Intoxicated Boating in Ohio
Did you know that just like you’re not allowed to drive when you’re drunk, it’s also illegal to operate a boat while under the influence in Ohio? So, if you’re planning to hit the lake or river, it’s important to have a designated driver on board.
Under Chapter 1547.11 of the Ohio Code, it is stated that operating or being in control of watercraft (such as boats, aquaplanes, water skis, and similar crafts and devices) is prohibited if you have a Blood Alcohol Content (BAC) of 0.08 percent or higher, or if you’re under the influence of alcohol, drugs of abuse, or a combination of both.
If the person operating the watercraft is under 21 years old, the acceptable BAC content drops even further to 0.02 percent.
Now, you might be wondering what exactly constitutes drugs of abuse. According to the law, drugs of abuse include any medication that can impair a person’s reflexes or judgment. This encompasses a range of substances, such as dangerous drugs (LSD, meth, heroin, marijuana, cocaine), as well as prescription drugs and controlled substances.
Even over-the-counter (OTC) medicines can affect your ability to operate a boat. Allergy medicines, cold and cough medicine, and sleep aids are just a few examples of OTC medicines that can slow down your reflexes or impair your judgment. It’s crucial to remember that consuming alcohol alongside these medications can amplify their effects, potentially leaving you too intoxicated to safely operate a boat.
When Can My Boat Be Stopped?
Unlike stopping a car, law enforcement officers from the Coast Guard and other agencies are authorized to stop your boat at any time, with or without reasonable suspicion, and without a warrant. They can conduct safety equipment inspections and evaluate the boat operator for signs of intoxication. Additionally, local police officers, county sheriffs, and state troopers also have the authority to stop you if they suspect a safety violation or an intoxicated operator.
Keep in mind that while passengers are allowed to consume alcohol as they please, the boat’s operator must remain completely sober at all times.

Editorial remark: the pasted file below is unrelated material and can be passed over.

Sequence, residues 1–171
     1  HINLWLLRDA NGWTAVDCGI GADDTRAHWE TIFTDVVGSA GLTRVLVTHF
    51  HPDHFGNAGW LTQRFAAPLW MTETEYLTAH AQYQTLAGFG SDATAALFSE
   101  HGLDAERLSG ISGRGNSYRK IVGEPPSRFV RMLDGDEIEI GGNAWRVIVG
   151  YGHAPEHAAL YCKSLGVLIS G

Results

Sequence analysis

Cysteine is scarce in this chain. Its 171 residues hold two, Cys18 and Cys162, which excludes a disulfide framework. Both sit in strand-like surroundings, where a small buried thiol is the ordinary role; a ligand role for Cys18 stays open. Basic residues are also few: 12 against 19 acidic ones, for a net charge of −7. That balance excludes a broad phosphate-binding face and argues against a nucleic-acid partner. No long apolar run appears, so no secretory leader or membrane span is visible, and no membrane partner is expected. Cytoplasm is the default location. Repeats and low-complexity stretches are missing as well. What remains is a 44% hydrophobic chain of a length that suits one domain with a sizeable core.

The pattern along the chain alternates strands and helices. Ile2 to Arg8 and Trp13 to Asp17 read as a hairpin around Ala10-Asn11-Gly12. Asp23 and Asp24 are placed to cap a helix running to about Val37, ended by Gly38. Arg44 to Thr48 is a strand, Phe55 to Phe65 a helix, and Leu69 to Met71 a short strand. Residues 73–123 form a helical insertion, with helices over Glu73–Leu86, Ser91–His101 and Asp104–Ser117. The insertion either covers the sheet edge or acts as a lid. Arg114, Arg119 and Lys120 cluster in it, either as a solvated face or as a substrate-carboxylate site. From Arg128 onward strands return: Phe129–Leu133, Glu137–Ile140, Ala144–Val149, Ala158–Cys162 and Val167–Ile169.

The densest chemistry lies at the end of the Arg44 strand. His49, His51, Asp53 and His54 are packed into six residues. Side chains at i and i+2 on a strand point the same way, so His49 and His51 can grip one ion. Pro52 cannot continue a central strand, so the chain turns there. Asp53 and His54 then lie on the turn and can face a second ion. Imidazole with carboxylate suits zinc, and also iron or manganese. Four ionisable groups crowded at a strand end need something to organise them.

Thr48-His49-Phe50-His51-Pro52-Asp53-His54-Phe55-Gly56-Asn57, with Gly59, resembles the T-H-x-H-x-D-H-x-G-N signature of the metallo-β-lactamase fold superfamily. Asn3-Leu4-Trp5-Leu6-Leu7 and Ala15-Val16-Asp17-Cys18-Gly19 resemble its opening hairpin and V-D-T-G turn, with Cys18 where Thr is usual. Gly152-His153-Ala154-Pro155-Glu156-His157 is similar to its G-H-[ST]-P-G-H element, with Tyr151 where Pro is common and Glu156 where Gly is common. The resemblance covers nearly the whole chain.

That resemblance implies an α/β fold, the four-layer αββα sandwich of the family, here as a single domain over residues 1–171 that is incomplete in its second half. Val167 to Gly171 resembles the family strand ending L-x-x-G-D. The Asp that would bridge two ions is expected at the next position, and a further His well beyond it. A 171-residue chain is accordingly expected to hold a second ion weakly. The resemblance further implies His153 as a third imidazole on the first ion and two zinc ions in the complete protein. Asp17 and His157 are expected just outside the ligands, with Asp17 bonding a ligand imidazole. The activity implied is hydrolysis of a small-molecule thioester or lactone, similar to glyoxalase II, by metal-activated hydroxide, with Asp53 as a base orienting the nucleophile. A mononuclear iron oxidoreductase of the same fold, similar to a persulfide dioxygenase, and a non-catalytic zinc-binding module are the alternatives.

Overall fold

Definition of “Boat’s Operator”
Unlike driving a car, identifying the person in charge of a boat can be tricky. Multiple people may take turns operating it or even abandon ship for a mid-lake swim. In such cases, the boat owner is typically deemed responsible by the Coast Guard or other officials, and their sobriety may be tested alongside everyone else’s.
What Are the Penalties for Drunken Boating in Ohio?
For a first offense of boating while intoxicated, the intoxicated operator faces a fine ranging from $150 to $1,000, as well as a jail sentence of 3 days to 6 months. Subsequent offenses carry the same fine, but the jail time escalates to 10 days to 6 months. In case of a third offense, the operator may be subjected to a fine of up to $1,000 and a jail term of 30 days to 1 year.
Similar to Ohio’s implied consent law for automotive drivers, boat operators implicitly grant consent for chemical testing simply by being at the helm. Denying the test results in a one-year suspension of their ability to operate or register a watercraft.
In Ohio, the only boat licenses issued are for commercial purposes like pleasure cruises or fishing. If you’re using a boat for recreational activities, whether it’s your own or borrowed, you don’t need a license, and thus it cannot be taken away.
It’s important to note that a boating while intoxicated conviction won’t affect your driver’s license for land vehicles.
Facing a boating while intoxicated charge? Ease your worries by enlisting the help of a Steubenville OH criminal attorney. Youngstown Criminal Law Group specializes in OVI law and is available 24/7 to assist you. Reach them at (330) 992-3036.
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